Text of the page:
Forty-one people were arrested March 24 in front of Governor Andrew Cuomo’s New York City office during a protest over proposed cuts to CUNY.
Those arrested included students, faculty, staff and Councilmembers Inez Barron and I. Daneek Miller. They participated in a die-in, a tactic used by protesters in which they lie down on the ground and act dead. New York Police Department officers warned the protesters to not block the sidewalk before arresting them.
The protest, organized by the Professional Staff Congress, the union representing more than 25,000 professors and staff, happened just before the April 1 deadline for a new budget from lawmakers in Albany. Governor Cuomo, in his Executive Budget, shifted the $485 million in CUNY expenses from the state to the city.
However, after a backlash against Cuomo’s proposal, the Democratic governor pledged not to reduce CUNY’s budget.
“We applaud [Cuomo] for that. We understand, at this point, that we’re taking him at his word,” Michael Fabricant, first vice president of the PSC, said.
Despite this, Fabricant highlighted other problems affecting CUNY such as a lack of a contract for workers and the state’s decrease in funding for CUNY.
“Over the last six years, tuition has replaced state investment. That means our students are having more difficulties gaining access [to CUNY],” Fabricant said.
Scott Stringer, the city’s comptroller, testified January 26 to the State Legislative Fiscal Committees on the State Budget for Local Government on proposed cuts to CUNY. He said if funding for the university system grew at the same rate as the budget, CUNY would have an extra $637 million.
“We need to put CUNY on a solid, sustainable path forward. Because when we invest in higher education, we all win–students, teachers, government and business,” he said.
On the opposite side of Cuomo’s New York City office, students, faculty, staff and CUNY allies showed solidarity with those arrested.
Chika Onyejiukwa is the president of Hunter College’s student government and vice chairperson of the University Student Senate. She said the arrests highlighted an important demand—restore funding for CUNY.
“That sends Governor Cuomo [a message] that he’s starving CUNY. He’s already killing us and we’re dying,” Onyejiukwa, a junior studying community health at Hunter College, said.
Franklin Rodriguez, a senior majoring in psychology and sociology at Queens College, felt proud of the protesters who were arrested. He said the lack of proper funding for CUNY is affecting major issues in the university.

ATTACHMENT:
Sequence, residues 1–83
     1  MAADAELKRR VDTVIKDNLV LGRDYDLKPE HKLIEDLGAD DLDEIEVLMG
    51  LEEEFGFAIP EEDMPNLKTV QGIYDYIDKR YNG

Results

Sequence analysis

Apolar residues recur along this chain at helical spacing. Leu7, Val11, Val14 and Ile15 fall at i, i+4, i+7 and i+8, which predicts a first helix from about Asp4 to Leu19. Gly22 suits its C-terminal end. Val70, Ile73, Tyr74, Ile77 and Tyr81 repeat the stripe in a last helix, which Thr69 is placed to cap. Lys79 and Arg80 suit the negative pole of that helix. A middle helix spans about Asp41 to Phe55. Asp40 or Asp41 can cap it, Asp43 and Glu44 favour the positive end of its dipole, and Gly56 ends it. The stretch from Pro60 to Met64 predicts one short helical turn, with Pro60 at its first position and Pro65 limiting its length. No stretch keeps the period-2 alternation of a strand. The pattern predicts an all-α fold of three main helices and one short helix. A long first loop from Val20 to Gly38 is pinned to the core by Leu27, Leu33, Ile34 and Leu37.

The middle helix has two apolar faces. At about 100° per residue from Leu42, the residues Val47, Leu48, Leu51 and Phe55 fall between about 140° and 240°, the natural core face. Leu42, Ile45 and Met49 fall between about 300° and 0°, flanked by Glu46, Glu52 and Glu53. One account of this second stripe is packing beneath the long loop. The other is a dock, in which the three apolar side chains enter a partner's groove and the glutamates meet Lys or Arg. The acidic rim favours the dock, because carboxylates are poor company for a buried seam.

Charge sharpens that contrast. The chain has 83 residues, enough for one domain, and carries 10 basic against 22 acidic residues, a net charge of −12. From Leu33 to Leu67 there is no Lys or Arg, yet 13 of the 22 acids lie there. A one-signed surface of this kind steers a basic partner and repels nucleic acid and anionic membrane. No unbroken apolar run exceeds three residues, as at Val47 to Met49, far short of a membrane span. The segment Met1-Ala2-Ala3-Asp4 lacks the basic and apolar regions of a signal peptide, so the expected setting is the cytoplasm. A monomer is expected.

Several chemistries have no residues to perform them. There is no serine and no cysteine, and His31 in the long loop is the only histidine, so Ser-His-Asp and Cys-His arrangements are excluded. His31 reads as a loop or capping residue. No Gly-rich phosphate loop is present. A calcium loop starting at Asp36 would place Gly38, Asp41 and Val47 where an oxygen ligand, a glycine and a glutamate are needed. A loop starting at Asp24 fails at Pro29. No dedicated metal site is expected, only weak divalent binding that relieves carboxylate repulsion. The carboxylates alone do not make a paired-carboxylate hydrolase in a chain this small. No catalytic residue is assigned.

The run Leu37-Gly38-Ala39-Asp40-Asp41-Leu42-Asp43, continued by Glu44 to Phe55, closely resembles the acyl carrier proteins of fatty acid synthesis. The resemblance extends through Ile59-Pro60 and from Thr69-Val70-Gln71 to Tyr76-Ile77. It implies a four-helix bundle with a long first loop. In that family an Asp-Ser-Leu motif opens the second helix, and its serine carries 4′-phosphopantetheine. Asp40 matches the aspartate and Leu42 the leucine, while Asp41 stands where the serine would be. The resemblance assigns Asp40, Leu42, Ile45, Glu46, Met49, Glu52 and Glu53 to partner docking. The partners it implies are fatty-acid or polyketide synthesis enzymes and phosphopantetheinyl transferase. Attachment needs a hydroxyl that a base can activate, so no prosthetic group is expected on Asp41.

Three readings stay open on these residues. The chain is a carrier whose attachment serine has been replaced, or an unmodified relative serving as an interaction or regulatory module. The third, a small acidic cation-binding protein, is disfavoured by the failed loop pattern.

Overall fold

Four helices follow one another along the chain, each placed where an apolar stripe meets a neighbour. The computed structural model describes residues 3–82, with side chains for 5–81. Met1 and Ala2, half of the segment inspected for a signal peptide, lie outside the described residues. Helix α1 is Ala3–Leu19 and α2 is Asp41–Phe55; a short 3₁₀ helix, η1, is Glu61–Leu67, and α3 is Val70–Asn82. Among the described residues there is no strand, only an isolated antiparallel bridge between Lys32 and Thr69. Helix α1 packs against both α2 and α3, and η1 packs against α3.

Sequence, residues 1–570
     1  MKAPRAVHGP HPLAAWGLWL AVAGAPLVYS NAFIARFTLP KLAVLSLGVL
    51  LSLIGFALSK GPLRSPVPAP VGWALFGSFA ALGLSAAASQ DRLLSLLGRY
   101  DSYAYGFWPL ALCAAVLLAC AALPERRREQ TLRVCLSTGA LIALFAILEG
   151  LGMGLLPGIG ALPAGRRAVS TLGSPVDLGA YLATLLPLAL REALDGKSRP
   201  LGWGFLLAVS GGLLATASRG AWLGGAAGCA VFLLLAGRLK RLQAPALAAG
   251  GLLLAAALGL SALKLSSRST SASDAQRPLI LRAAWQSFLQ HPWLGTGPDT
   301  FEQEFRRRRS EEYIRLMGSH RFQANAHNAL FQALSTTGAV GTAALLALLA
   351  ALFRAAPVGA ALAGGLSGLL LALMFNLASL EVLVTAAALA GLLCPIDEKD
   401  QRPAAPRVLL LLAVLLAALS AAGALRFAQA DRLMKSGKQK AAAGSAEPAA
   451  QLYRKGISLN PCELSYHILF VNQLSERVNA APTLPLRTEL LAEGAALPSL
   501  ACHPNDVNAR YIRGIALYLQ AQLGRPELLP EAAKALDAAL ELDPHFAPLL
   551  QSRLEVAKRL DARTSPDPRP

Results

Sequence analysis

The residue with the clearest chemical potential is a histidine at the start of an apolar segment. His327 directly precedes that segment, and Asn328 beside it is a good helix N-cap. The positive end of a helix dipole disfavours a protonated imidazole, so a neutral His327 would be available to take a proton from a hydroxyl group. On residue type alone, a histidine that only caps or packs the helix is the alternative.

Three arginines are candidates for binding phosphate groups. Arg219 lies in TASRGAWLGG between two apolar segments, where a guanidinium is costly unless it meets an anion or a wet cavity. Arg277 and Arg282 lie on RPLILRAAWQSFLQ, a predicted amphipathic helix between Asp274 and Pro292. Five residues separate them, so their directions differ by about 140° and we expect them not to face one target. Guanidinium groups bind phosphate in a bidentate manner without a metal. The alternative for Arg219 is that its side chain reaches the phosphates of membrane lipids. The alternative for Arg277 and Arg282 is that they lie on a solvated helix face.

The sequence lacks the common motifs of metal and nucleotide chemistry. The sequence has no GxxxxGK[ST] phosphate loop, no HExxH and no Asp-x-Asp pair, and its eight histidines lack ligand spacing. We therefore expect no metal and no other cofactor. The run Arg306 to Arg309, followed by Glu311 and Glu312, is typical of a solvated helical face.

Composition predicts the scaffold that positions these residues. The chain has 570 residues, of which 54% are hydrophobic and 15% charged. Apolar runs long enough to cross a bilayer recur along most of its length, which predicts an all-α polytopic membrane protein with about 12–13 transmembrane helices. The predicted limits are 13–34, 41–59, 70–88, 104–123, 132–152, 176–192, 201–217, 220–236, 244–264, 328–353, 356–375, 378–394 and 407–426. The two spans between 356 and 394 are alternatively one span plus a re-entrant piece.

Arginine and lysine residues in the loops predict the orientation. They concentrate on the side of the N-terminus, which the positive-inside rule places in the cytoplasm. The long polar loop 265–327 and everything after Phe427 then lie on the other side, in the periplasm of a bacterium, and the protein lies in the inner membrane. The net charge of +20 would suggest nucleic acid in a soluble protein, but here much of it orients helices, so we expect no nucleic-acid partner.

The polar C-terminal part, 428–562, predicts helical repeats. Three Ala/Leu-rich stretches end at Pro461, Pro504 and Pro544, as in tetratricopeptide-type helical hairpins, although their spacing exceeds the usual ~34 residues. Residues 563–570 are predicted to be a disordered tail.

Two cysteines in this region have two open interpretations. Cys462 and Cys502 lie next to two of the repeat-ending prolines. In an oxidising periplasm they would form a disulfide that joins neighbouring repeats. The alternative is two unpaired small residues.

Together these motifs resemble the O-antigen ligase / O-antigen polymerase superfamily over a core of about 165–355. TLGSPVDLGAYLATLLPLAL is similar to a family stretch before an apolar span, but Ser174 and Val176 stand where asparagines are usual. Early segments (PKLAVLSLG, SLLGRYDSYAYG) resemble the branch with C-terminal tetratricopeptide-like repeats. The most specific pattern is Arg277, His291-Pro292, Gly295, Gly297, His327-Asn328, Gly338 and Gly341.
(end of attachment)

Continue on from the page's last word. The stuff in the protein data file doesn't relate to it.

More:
“In particular, teachers need a fair contract. They haven’t had a new contract since 2010, and the one they were offered was a smack in the face,” Rodriguez said.
Professors and staff are working without a contract despite negotiations between the PSC and CUNY. The only contract offered by CUNY would increase total wages by six percent from 2010 to 2016, an offer the union rejected as they deemed it insufficient.
Rodriguez further elaborated on the effects on students. He noted how CUNY was a free university before the 1970s. Today, with tuition increasing every year, education for students is being affected.
Still, he felt glad students attended the protest so they could learn what’s happening to CUNY.
“That’s how you get students to understand what’s going on and tell their friends,” he said.
Keith Fuller, a junior studying biotechnology at York College, was one student who attended the rally. He felt empowered by the rally, but said it could have been avoided if the state had pledged investment in CUNY.
“It shouldn’t have escalated to this point where we have to come out and fight for representation,” he said.
Fuller felt concern regarding the impending April 1 budgetary deadline.
“[State lawmakers] already have their minds set going in, and it’s going to take a lot like this for change to happen,” he said.
Fabricant said the university was at a tipping point, something both Cuomo and the state Senate needed to know.
“If you starve this university, which is what is happening, then you starve the possibility of narrowing inequality and being able to fund the dreams of many New Yorkers,” he said.